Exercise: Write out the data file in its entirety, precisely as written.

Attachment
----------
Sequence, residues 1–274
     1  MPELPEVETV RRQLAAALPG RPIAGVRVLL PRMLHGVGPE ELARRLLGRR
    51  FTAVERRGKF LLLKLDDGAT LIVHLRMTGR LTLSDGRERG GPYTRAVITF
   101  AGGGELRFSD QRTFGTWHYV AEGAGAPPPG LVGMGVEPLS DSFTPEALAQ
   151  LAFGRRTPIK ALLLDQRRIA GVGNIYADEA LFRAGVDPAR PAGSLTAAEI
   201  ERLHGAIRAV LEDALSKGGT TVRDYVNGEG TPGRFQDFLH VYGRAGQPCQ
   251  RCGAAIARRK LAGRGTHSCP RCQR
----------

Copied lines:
Sequence, residues 1–274
     1  MPELPEVETV RRQLAAALPG RPIAGVRVLL PRMLHGVGPE ELARRLLGRR
    51  FTAVERRGKF LLLKLDDGAT LIVHLRMTGR LTLSDGRERG GPYTRAVITF
   101  AGGGELRFSD QRTFGTWHYV AEGAGAPPPG LVGMGVEPLS DSFTPEALAQ
   151  LAFGRRTPIK ALLLDQRRIA GVGNIYADEA LFRAGVDPAR PAGSLTAAEI
   201  ERLHGAIRAV LEDALSKGGT TVRDYVNGEG TPGRFQDFLH VYGRAGQPCQ
   251  RCGAAIARRK LAGRGTHSCP RCQR